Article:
Global community condemns President Pierre Nkurunziza’s government ahead of a deadline for people to hand in their guns.
Rwanda’s president has accused Burundi’s leaders of killing their own people as human rights activists accuse security forces of killing 11 people over the weekend.
Paul Kagame’s comments could cause tensions between the neighbouring countries to rise.
He made them after Burundi’s president, Pierre Nkurunziza, repeatedly accused Rwanda of precipitating violence and instability in Burundi.
“Are these leaders or what, who kill their own people from morning to evening, dump them on the street and in streams, and then stand up and start accusing Rwanda?” Kagame said in a speech that was released on Sunday.
Activists said that about 200 people have been killed in Burundi since April, when Nkurunziza announced his intention to seek a third term, which his critics said was unconstitutional.
Nkurunziza, however, went on to win an election that was boycotted by the opposition in July.
It was not clear who the assailants were, witnesses said, but the killings occurred as a deadline given by Nkurunziza for “criminals” to surrender illegal firearms or be treated as enemies of state approached.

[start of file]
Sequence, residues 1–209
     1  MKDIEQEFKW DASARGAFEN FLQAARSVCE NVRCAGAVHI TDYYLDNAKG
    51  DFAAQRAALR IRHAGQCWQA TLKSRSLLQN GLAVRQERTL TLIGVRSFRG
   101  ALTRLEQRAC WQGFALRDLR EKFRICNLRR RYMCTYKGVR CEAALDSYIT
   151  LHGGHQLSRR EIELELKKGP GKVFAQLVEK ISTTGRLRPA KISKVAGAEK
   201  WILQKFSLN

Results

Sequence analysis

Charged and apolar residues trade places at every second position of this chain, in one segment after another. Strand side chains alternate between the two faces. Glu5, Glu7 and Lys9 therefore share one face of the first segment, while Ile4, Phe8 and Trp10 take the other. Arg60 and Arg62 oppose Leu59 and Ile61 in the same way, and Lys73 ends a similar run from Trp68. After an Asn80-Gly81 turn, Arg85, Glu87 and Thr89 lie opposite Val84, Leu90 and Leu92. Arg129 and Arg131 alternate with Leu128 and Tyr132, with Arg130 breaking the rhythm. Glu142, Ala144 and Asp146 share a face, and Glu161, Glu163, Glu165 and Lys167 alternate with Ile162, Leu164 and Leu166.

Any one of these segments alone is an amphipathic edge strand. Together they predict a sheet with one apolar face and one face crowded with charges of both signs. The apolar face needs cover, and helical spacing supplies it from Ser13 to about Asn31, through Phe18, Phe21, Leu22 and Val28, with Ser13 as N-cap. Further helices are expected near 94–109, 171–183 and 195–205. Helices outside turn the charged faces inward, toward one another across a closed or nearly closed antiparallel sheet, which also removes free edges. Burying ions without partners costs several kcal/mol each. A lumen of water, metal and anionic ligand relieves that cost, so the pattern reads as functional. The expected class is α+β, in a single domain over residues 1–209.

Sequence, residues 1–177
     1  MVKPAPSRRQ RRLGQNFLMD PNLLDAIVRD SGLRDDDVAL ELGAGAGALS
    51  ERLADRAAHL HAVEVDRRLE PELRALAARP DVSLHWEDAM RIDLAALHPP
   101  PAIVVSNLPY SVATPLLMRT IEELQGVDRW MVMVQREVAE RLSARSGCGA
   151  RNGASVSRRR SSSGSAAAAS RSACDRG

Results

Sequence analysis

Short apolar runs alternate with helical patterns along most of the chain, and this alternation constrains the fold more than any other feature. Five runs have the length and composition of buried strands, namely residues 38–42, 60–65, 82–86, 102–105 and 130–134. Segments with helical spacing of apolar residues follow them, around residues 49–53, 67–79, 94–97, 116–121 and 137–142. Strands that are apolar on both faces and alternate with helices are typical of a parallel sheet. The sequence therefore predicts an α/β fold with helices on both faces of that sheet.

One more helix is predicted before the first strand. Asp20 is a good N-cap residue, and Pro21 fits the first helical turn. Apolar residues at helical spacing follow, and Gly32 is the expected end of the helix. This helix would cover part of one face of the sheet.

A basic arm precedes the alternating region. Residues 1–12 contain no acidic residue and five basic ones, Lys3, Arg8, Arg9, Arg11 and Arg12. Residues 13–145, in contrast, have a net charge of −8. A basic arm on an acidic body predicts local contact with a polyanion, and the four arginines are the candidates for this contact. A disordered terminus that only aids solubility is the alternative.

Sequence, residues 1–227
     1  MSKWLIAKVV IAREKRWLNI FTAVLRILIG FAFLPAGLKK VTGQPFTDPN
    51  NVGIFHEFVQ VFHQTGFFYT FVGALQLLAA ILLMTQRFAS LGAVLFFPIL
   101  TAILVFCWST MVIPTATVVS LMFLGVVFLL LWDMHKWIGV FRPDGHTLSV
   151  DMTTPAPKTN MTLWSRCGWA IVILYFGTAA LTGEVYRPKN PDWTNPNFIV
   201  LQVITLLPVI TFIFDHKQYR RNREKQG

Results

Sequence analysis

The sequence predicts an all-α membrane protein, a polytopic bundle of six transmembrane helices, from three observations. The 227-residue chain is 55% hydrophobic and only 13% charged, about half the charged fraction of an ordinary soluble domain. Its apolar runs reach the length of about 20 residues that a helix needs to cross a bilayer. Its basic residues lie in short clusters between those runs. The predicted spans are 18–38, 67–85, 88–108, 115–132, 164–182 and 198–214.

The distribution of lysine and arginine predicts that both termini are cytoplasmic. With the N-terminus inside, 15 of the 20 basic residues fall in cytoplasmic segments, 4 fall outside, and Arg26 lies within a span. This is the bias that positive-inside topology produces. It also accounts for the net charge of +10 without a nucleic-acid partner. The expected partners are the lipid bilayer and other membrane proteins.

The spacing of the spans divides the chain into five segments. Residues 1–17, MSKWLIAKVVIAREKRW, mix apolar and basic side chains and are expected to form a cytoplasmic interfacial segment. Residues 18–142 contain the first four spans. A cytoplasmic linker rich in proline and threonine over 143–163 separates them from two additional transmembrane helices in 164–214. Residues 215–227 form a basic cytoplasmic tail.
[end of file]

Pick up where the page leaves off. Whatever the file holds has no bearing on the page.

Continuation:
The slayings came a day after police killed the son of a prominent human rights activist in Bujumbura. Willy Nzitonda, whose father was a critic of Nkurunziza, was killed in the Mutakura area.
Willy Nzitonda, who had been working for the Association for the Protection of Human Rights and Detained Persons, had been arrested Friday morning before he was killed.
His father, Pierre-Claver Mbonimpa, was shot and wounded by unknown assailants in August. Mbonimpa’s son-in-law, Pascal Nshirimana, was killed in Bujumbura by unknown attackers in September.
Kagame charged that Burundi is in intensive care and said its leaders are to blame because they started their country’s problems.
Both Rwanda and Burundi have similar ethnic make-ups.
They are dominated by the Hutu and Tutsi ethnic groups. About 800,000 Tutsis and moderate Hutus were killed in Rwanda’s 1994 genocide.
A 1993-2006 civil war in Burundi was touched off by a similar ethnic conflict. It killed 300,000 people.
The International Crisis Group has warned that the country risks sliding back into conflict.
More than 210,000 people have fled the country since April. Zeid Raad Al Hussein, the UN human rights chief, is set to brief the UN Security Council on the situation in Burundi on Monday.